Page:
TUTTLE, Chief Judge:
This is another suit brought by the United States under the provisions of the Civil Rights Act of 1960, seeking to enjoin a Mississippi county registrar from engaging in racially discriminatory acts and practices to deprive Negro citizens of the right to register and vote, without distinction of race or color.
Filed, as it was, in August, 1961, the history of this litigation largely paralled a similar suit brought in Panola County several months later, in October, 1961. That action was finally terminated in this court when, on May 22nd of this year, we entered an opinion in the case of United States of America v. Duke, et al., 5 Cir., 332 F.2d 759, directing the trial court in the Northern District of Mississippi to enter an injunction largely as prayed for by the United States.
Because of the great similarity of the proof that was presented to the trial court in this case with that which was considered by us in the Duke case, and particularly in light of the specific findings by the trial court here, our recitation of the factual circumstances upon which we conclude that similar disposition is required in this case, can be considerably abbreviated.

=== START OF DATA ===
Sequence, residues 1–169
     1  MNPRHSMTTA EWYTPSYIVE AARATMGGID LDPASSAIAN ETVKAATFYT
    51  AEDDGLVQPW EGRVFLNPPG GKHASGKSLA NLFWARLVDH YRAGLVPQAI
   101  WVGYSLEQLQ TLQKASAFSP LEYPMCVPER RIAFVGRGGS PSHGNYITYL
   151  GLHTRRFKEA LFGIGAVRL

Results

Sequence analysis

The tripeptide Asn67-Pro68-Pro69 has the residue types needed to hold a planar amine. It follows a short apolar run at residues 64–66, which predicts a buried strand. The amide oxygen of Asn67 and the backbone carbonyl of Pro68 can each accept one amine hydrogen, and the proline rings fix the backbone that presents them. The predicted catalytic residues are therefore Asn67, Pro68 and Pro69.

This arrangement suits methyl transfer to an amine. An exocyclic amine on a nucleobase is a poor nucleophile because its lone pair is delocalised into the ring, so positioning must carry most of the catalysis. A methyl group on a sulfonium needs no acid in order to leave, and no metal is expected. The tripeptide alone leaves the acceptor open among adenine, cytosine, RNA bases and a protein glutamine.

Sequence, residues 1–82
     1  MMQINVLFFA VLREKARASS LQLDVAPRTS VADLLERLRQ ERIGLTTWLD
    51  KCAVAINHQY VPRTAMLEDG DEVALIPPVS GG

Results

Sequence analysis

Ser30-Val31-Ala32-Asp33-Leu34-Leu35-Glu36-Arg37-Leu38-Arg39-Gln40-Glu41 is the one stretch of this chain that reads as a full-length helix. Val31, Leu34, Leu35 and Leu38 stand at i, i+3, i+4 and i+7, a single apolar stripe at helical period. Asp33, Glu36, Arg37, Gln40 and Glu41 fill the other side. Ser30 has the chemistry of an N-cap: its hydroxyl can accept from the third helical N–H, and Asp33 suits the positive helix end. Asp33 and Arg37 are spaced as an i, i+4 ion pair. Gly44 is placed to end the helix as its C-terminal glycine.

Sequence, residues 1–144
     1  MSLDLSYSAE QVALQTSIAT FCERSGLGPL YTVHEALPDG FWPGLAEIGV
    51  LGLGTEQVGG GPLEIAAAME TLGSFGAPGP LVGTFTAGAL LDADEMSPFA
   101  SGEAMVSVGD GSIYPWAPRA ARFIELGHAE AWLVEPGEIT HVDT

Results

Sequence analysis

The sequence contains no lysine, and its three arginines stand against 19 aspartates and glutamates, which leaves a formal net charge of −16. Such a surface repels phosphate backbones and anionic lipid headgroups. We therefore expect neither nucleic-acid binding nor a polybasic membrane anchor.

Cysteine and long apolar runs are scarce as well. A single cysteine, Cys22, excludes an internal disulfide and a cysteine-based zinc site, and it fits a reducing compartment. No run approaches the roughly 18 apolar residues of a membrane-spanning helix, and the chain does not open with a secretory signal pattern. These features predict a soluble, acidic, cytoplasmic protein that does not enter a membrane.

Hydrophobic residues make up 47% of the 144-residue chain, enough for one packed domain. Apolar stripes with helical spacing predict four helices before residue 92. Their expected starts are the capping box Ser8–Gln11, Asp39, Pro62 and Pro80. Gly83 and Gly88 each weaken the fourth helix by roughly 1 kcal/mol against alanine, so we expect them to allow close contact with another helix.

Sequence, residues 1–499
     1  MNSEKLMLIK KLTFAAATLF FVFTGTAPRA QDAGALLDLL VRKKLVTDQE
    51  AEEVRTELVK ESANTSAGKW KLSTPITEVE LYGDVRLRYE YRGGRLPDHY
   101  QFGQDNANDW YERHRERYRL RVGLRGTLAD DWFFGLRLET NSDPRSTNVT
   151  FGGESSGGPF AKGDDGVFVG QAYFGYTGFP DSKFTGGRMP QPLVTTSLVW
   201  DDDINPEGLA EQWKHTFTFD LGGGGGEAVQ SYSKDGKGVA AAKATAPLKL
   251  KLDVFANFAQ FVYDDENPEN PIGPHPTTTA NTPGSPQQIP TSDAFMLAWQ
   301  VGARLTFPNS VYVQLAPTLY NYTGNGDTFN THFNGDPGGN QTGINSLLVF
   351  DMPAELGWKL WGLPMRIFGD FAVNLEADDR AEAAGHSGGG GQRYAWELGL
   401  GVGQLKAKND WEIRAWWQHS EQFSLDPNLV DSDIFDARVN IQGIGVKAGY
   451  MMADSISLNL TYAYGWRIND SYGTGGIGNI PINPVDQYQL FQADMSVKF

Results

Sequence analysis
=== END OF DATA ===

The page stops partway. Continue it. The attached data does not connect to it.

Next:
At the time this suit was filed there were 4536 white persons and 2490 Negroes of voting age in Walthall County, Mississippi. The registration books showed that there were 4738 white persons currently registered to vote, and no Negroes. There had been a complete re-registration of the voters of Walthall County in 1946. The record does not disclose the reason for such re-registration. However, since the Mississippi statutes appear not to require a regular purging of the rolls on account of the death or removal of registrants, it may be that when the current rolls show substantially more registrants than there are eligible voters, the county election officials require a complete re-registration, under the provision of the Mississippi law, when "a new registration is necessary to determine correctly the names of the qualified electors."
Even if these statistics are not proof of the fact, cf. United States ex rel. Goldsby v. Harpole, 5 Cir., 263 F.2d 71, 78, we find that the record before the trial court here fully substantiates the contention of the United States that,
White persons who applied were permitted to register without complying with the current and increasingly difficult provisions of the voters' registration statutes enacted by the state of Mississippi on a time schedule that coincided with the indications that more Negroes would make the effort to register. As a result of this, "the barriers grew successfully higher, so that in 1960 the understanding clause was inserted, and in 1962 the good character requirement was added."